Curiosity Front Hazard Avoidance Camera Right B image taken on Sol 2876, September 8, 2020.
Credit: NASA/JPL-Caltech

NASA’s Curiosity Mars rover is now performing Sol 2977 duties.

Reports Lucy Thompson, a planetary geologist at the University of New Brunswick; Fredericton, New Brunswick, Canada:

“As we wait to drop the ‘Mary Anning 3’ drilled sample off to SAM [Sample Analysis at Mars Instrument Suite] (hopefully in the next plan), Curiosity will utilize the time and power to continue monitoring the current dusty atmosphere on Mars, as well as the interesting chemistry of the rock at this location.”

Curiosity Mast Camera Right image acquired on Sol 2874, September 6, 2020.
Credit: NASA/JPL-Caltech/MSSS

Firing up the laser

Thompson adds that the Chemistry and Camera (ChemCam) instrument will fire its laser at three targets, “Burgi,” “Woodside” and “Snowy Owl” to continue documenting the variations in element concentrations associated with different layers, colors and nodular/patchy features within the rock at the robot’s location.

“We will also acquire color Mastcam documentation images of these targets and extend the imaging of the workspace,” Thompson notes.

Curiosity Chemistry & Camera Remote Micro-Imager (RMI) photo taken on Sol 2876, September 8, 2020.
Credit: NASA/JPL-Caltech/LANL

Curiosity Chemistry & Camera Remote Micro-Imager (RMI) photo taken on Sol 2876, September 8, 2020.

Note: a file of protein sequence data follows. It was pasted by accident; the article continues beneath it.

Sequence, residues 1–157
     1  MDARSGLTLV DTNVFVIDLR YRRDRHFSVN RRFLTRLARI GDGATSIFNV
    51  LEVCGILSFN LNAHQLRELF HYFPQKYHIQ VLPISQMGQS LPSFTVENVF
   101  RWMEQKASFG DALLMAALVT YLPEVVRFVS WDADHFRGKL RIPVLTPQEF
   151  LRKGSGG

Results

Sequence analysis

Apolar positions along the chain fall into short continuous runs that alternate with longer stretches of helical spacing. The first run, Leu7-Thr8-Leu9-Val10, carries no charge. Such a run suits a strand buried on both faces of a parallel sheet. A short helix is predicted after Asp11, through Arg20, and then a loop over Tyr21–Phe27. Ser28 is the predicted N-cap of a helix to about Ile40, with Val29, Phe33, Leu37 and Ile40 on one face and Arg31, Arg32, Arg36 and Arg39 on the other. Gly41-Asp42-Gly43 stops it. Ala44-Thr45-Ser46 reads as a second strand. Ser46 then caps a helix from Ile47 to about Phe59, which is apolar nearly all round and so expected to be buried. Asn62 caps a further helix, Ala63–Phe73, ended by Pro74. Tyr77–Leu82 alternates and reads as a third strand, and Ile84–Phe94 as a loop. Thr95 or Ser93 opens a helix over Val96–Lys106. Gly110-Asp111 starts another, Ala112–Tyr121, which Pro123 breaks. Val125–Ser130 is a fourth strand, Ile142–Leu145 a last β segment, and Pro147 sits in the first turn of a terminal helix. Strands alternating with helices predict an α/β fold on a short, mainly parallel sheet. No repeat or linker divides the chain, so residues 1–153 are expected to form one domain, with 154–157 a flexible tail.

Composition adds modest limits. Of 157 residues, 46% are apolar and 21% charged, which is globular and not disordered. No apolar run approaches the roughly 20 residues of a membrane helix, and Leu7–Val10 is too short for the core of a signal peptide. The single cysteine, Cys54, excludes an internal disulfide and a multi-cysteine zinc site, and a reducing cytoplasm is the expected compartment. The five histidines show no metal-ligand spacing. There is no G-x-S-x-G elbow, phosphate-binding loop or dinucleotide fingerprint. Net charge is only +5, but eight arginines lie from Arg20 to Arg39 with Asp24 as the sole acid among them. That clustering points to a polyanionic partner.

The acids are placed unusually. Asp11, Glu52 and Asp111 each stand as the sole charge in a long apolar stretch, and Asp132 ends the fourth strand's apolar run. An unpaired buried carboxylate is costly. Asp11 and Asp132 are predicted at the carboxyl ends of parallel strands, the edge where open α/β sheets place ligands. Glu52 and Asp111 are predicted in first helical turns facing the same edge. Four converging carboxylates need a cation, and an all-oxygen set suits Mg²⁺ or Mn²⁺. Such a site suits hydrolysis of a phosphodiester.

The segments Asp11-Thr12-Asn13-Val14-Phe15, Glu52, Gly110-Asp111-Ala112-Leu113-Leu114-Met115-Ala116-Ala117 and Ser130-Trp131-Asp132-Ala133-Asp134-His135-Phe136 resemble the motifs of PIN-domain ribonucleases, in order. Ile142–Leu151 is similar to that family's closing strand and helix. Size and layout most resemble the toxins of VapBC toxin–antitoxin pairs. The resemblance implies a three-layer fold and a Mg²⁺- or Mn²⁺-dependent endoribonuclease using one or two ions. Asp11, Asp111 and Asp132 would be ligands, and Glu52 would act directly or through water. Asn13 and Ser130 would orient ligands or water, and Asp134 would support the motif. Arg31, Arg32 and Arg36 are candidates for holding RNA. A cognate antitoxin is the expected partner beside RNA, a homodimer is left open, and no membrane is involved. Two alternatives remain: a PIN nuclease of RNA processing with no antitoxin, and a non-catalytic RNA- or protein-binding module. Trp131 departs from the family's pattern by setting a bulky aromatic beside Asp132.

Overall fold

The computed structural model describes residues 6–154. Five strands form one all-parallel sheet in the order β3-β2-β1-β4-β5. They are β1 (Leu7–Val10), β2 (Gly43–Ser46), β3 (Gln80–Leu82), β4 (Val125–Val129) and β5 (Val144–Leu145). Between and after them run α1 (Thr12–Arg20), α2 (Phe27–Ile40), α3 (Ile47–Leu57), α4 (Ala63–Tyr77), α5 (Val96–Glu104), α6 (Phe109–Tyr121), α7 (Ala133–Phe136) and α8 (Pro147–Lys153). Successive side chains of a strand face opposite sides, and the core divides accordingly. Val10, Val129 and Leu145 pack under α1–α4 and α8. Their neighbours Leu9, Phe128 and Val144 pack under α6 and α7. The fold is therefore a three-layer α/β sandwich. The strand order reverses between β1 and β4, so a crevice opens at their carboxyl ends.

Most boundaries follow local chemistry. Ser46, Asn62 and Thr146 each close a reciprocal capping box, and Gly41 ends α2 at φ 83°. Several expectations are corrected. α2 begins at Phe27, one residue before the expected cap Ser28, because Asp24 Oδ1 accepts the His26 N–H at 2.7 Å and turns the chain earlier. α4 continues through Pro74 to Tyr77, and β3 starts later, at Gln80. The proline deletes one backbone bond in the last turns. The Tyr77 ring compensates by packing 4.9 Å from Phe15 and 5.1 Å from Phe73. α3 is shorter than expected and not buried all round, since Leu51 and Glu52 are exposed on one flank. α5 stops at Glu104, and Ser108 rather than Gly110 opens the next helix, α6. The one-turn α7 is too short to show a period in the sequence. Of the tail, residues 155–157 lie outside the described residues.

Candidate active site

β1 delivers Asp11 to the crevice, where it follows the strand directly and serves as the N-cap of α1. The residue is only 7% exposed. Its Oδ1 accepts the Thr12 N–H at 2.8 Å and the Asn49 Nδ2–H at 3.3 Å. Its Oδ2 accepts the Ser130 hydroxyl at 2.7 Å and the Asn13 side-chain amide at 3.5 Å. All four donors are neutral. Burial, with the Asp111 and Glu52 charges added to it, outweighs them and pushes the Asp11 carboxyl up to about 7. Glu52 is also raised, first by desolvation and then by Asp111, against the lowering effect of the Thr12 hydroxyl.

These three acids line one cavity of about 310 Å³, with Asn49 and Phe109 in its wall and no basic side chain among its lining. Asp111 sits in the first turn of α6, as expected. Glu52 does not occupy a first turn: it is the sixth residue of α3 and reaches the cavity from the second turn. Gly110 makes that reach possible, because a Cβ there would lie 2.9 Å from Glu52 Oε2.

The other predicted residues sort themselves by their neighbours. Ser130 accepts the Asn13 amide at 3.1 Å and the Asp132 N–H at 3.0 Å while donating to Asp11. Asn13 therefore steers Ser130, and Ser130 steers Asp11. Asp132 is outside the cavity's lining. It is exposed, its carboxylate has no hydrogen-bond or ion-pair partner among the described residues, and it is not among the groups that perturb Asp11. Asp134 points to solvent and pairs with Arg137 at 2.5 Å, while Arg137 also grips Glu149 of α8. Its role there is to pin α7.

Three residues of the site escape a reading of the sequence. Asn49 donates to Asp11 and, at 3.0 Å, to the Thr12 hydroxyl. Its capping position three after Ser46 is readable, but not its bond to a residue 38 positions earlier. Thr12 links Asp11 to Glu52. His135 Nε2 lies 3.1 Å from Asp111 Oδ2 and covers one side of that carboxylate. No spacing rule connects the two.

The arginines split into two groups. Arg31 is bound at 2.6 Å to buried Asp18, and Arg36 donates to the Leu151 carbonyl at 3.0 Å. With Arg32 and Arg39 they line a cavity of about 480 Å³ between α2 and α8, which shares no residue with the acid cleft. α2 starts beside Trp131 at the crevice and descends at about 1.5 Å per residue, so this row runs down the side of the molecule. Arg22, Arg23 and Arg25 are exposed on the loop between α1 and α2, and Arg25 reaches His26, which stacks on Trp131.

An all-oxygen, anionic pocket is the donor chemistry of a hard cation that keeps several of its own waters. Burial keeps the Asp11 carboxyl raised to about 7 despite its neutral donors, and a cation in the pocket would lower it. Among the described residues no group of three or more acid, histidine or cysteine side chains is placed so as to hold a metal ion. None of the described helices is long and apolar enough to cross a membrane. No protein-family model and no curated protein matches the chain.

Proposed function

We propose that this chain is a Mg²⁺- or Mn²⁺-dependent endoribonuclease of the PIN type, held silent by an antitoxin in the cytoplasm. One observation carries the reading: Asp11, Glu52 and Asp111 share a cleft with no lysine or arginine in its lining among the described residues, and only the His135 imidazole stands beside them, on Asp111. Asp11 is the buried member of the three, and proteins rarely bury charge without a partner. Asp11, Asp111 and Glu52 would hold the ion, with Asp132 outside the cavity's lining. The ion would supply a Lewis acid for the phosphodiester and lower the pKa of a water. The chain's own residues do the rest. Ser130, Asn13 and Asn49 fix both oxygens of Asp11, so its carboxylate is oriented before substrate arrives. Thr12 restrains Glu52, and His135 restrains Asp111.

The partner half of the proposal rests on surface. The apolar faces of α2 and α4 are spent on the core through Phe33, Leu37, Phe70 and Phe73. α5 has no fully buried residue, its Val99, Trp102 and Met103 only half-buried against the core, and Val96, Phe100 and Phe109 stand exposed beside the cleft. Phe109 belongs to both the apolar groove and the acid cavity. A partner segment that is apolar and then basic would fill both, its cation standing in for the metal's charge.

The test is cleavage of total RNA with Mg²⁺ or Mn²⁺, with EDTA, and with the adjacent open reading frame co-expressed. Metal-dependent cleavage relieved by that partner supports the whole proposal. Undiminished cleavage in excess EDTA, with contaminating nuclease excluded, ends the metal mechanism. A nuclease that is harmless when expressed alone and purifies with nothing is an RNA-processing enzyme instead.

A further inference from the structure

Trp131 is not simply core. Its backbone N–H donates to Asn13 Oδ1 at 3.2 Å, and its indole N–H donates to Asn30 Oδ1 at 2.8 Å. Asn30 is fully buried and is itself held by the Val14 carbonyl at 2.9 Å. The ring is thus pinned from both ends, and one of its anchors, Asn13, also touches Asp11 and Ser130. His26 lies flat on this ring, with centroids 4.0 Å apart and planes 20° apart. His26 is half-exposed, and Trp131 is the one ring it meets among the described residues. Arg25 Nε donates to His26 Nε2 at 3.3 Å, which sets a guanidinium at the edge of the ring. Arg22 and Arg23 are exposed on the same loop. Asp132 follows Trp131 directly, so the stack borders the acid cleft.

Credit: NASA/JPL-Caltech/LANL

Dusty season

It is the dusty season on Mars, so the environmental scientists on the team have taken the opportunity to plan a comprehensive suite of activities.

“Their prime goal is to monitor how the dust in the atmosphere affects opacity and to look for dust devil activity, but they also planned an observation to monitor cloud formation,” Thompson reports.

Both Curiosity’s Mastcam and Navcam will be utilized for these observations.

Argon measurement

“While we have drilled sample in the Sample Acquisition, Processing, and Handling (SA/SPaH) subsystem,” scientists are unable to use the other instruments on the rover arm — (the Mars Hand Lens Imager (MAHLI) and the Alpha Particle X-Ray Spectrometer) for contact science.

This Sol 2874 Navcam right image shows Curiosity’s turret and the APXS instrument (top, right of center) pointed away from the ground. Mount Sharp is in the background. APXS made measurements of the Argon content of the Martian atmosphere.
Credits: NASA/JPL-Caltech

“This means that as a member of the APXS team, it is normally a relatively quiet time for me, as we wait to dump the drilled sample from the SA/SPaH system,” Thompson explains. “However, we are able to use the APXS, pointing away from the ground, to make measurements of the Argon content of the atmosphere.”

That measurement is done roughly every 4 weeks to record seasonal fluctuations, and scientists took the opportunity to plan such a measurement recently.

Thompson concludes that the remainder of the current plan includes standard Rover Environmental Monitoring Station (REMS), Dynamic Albedo of Neutrons (DAN) and Radiation Assessment Detector (RAD) activities.

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